Maasai pastoralists protect the land, sustainable tourism protects the Maasai


Agricultural heritage designation helps preserve a way of life

All seems at peace. Just the sound of bleating goats and clanging tin cooking pots ring out over the land as the sun sets between Tanzana’s Lake Natron and the mountain of Ol Doinyo Lengai, meaning ‘Mountain of God’ in the Maasai language. These two powerful symbols of nature make the village of Engaresero spectacularly unique.

Engaresero is situated in the plains of northern Tanzania. The Maasai pastoralists who have occupied the land for over two hundred years lead a semi-nomadic existence following a strict pattern of land rotation that ensures certain areas are left fallow for several months at a time.

This sustainable pastoralism contributes to soil fertility and soil carbon, water regulation, pest and disease control, biodiversity conservation and fire management. The large healthy cows are testimony to the good grazing that is abundant throughout the year on this land.

The cattle that have adapted to the local climatic and ecological conditions are fundamental to the Maasai: “We are interconnected and inseparable,” said the ward councillor, Ibrahim Sakai, who describes how their cows hold more than just economic value. Cows are part of rituals and ceremonies, and their distinctive markings can quickly identify one Maasai clan from another.

Preserving heritage

Recognising that exceptionality of the Engaresero’s Maasai and how their pastoralist way of life benefits the surrounding ecosystems, FAO designated the area as a Globally Important Agricultural Heritage System (GIAHS) in 2011, this year marking its tenth anniversary as part of the programme.

The GIAHS programme helps to safeguard agricultural traditions that respect their surroundings. The programme additionally works to spread the word about innovative agricultural techniques and encourage sustainable tourism.

Tanzania, a popular travel destination, welcomed over 1.5 million tourists in 2019 alone. Before the pandemic, tourism provided an additional, yet essential, income for many of Engaresero’s Maasai. The extra income the community makes from tourism supports their pastoralist lifestyles and cultural heritage, and that in turn, preserves and protects the ecology of the land.

Pride in traditions

“What our community really appreciated is that FAO made us proud of who we are,” said Arpakwa Sikorei, Community Conservation and Culture Officer, who is himself a Maasai and the focal point for the site.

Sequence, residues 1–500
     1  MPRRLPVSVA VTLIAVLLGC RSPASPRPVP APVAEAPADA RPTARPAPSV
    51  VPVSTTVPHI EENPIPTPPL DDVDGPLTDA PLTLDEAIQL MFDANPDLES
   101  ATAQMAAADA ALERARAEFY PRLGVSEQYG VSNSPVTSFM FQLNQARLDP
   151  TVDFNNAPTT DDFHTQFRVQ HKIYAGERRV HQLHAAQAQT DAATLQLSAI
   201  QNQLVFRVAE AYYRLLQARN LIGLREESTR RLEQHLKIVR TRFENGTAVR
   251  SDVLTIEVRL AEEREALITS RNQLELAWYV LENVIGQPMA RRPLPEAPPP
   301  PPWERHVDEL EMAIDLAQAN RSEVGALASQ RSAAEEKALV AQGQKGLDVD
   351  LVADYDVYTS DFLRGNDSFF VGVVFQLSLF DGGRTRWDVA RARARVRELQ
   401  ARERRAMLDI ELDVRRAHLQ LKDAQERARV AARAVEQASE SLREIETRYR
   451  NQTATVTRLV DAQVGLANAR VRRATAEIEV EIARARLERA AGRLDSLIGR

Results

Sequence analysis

“What you are doing is right, they said. Tell us the challenges you are facing in your traditional system so we can re-strengthen it.”

As part of the GIAHS programme, FAO supports the community in addressing daily issues. Several years ago, the pastoralists raised the issue of not having enough water in the wet-season pasture. FAO helped the community build a dam and now that pasture continues well into the dry season, making it easier to adapt the grazing cycle to changing weather patterns. 

Through the programme, FAO also oversaw the establishment and official registration of the Engaresero Eramatare Community Development Initiative, a Community-Based Organization (CBO) that offers guided tours to the growing number of visitors that the region saw before the pandemic.  

The initiative plays a critical role in balancing environmental and socio-economic objectives. Tourism is managed by the CBO and offers a choice of different excursions with the local guides. Before reaching the village, visitors drive into an area where they can meet the guides and learn a bit about Maasai culture. Part of the fee each visitor is asked to pay goes to a community development fund that has helped young Maasai continue their studies after compulsory education ends at the age of fourteen. Members of the CBO also decide if and how funds can be spent on the community.

Looking to the future

“We need better social services… access to better healthcare and education. With tourism funds from the CBO, we have started to see some developments,” said Nosikito Lemakanga, a 52-year-old grandmother when asked about the needs of the community.

The former councillor who represented women from her district explained how all decisions put forward by the CBO must be approved by the village council that is careful to protect the values and traditions of the Maasai.

“A big problem is that many young people here are moving to the cities to find work. Through tourism and community projects, youth are encouraged to stay,” explains Nosikito.

Arpakwa is optimistic about the future: “There are already 40 trained guides who work on a rotational basis dividing their time between pastoralism and tourism. We are now hoping to develop the museum of Maasai cultural heritage and a small shop for the artisans.”

However, sustainability is key. If, as in other places, Engerasero is subjected to boundless tourism or unrestricted land use, the Maasai pastoral lifestyle will be threatened and with it the land and its unique biodiversity.

“The land here is precious. Outsiders have been interested in it for tourism, hunting and mining soda ash or extracting minerals from the lake so we don’t always feel secure on the land,” said Ibrahim.

“The land is everything to us,” adds Nosikito.

In our modern world, tourism is an unparalleled opportunity to appreciate and preserve cultures and traditions. The tourism sector employs one in every ten people on the planet, but unsustainable tourism can be harmful to local people, traditions and landscapes.

The COVID-19 pandemic represents an opportunity to rethink the future of tourism. GIAHS sites and agritourism offer a unique chance to learn about local and indigenous agricultural traditions, while supporting farmers, rural communities and sustainable development. – www.fao.org

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